The Workflow of Sound Post-Production for Video

The creation of soundtracks for video requires a unique workflow that differs from the video side of the equation. From the acquisition of original sound in the field, to the creation of sound effects and foley, to constructing music beds to final editing and mixing, the sound drives the video in any storytelling effort.

Orson Welles, with his extensive background in radio, brought many new sound techniques to motion picture sound. For example, in his classic feature, Citizen Kane, Welles used distorted audio to add meaning to a scene. When a reporter enters a library to look up information on Kane, the sound becomes a distorted echo. It implies the reporter is not just in any library — but in a tomb. The sound effect represents a man who was cold and empty in life as well as death. Welles used the sound to help propel his story.

Good sound, of course, goes far beyond just recording original audio in the field. It begins — depending on the production — with creative sound design. This pre-determines the essential elements of the sound track before composing them into an organic whole.

The next step is editing — where the sound effects and foley are recorded and added and automatic dialogue replacement (ADR) is performed as needed. The final stage is mixing, which is the balancing of the tracks, processing and sweetening of the audio. It takes all those raw elements, plus the music, to turn the soundtrack into a coherent, seamless mixed whole that propels the story.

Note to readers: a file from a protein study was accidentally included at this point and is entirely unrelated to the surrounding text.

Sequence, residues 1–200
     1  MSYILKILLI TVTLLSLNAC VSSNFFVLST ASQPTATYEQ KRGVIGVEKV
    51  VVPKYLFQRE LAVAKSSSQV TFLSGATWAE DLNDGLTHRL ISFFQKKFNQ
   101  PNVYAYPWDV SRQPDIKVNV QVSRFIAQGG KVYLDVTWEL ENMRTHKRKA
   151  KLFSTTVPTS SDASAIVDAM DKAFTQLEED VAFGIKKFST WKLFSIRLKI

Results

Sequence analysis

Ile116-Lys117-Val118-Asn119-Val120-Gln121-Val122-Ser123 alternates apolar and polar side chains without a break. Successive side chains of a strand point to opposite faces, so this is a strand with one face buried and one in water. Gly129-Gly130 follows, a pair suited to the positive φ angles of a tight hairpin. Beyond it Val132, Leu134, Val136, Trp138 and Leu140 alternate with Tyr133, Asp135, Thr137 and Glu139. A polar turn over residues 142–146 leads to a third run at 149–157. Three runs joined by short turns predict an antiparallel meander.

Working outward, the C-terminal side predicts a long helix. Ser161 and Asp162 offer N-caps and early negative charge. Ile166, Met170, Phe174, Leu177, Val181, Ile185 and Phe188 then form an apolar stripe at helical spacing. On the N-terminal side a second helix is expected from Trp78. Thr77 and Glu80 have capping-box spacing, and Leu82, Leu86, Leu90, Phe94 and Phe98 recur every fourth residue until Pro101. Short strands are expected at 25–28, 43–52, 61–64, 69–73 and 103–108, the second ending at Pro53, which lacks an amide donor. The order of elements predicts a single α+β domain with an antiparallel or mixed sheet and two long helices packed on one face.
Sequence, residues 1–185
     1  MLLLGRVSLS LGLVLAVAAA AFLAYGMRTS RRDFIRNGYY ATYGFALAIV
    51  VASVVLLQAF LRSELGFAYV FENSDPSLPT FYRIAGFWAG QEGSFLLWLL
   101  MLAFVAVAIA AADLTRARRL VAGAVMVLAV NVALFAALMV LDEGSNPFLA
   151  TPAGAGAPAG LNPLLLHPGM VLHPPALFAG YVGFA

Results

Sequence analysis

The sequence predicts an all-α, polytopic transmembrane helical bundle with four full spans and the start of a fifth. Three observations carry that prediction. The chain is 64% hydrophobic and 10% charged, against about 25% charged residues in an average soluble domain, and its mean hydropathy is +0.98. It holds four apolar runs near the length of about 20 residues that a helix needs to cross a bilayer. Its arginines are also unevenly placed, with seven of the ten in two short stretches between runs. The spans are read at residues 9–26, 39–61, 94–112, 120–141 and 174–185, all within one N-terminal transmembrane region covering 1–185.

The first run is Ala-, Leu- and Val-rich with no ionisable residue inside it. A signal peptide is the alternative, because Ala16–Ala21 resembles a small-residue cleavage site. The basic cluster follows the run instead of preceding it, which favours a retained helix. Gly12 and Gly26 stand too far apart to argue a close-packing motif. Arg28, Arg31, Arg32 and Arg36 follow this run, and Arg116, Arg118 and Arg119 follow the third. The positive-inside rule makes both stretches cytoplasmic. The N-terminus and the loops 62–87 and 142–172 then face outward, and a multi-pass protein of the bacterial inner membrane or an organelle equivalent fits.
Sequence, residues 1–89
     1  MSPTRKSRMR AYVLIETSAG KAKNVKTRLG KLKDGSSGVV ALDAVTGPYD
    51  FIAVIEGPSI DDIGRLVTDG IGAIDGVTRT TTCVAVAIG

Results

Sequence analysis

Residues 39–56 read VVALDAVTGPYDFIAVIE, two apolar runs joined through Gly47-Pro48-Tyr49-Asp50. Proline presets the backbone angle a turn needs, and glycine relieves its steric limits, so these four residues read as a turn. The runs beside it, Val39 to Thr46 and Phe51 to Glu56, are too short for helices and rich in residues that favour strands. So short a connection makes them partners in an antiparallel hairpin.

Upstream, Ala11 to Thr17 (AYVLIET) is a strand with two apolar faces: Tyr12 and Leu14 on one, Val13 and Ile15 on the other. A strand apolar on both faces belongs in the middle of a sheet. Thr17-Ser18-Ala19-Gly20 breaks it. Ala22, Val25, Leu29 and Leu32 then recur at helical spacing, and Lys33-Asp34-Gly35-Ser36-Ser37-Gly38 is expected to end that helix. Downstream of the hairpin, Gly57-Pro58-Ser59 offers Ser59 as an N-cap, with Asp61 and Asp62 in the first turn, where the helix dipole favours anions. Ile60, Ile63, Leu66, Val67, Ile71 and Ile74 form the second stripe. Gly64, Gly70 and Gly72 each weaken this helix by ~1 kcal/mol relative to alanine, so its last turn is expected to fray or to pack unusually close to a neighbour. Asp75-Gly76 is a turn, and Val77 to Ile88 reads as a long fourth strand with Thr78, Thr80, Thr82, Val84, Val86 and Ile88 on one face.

This workflow can be confusing to beginners, since the same tools are often used in all three phases. But the results at each stage are decidedly different. At a glance, editing and mixing appear quite similar, though they produce unique results.

The big difference between digital and analog editing is the way sound is manipulated. Analog was a very manual process, using razor blades to cut and then splice physical audio tape. Today, in the digital domain, the whole process is done with a digital audio workstation (DAW) on a computer with mostly virtual plug-ins for processing. The early stages of audio editing involves cutting and deleting sound elements and assembling them into a clean sets of tracks.

Another big difference from analog is that digital editing is a visual process. Editing now is mostly accomplished by viewing waveforms on a computer display. This can have a down side, since relying solely on waveforms can result in awkward cuts that are sometimes too tight. Since most audio software editing is non-destructive, edits can be redone until enough breathing room is given to transitions. That wasn’t the case with analog.

As it has always been, good sound editing for video requires an aesthetic sense of rhythm and timing. Cuts and fades must occur at a price moment in sync with the video picture. While I was doing an offline edit of the final two Honeymooners episodes for Jackie Gleason in the 1970s, ¾-inch tape had an accuracy rate of plus or minus 30 frame per second.

Gleason, a stickler for precise timing in his comedy, demanded offline edits with an accuracy of within two frames per second. This meant I had to cut and recut every edit until the tape machines randomly aligned correctly. It was tortuous, numbing work!

“Timing is everything,” Gleason told me — in comedy, music and drama. From that experience, I learned that what Gleason wanted was very right!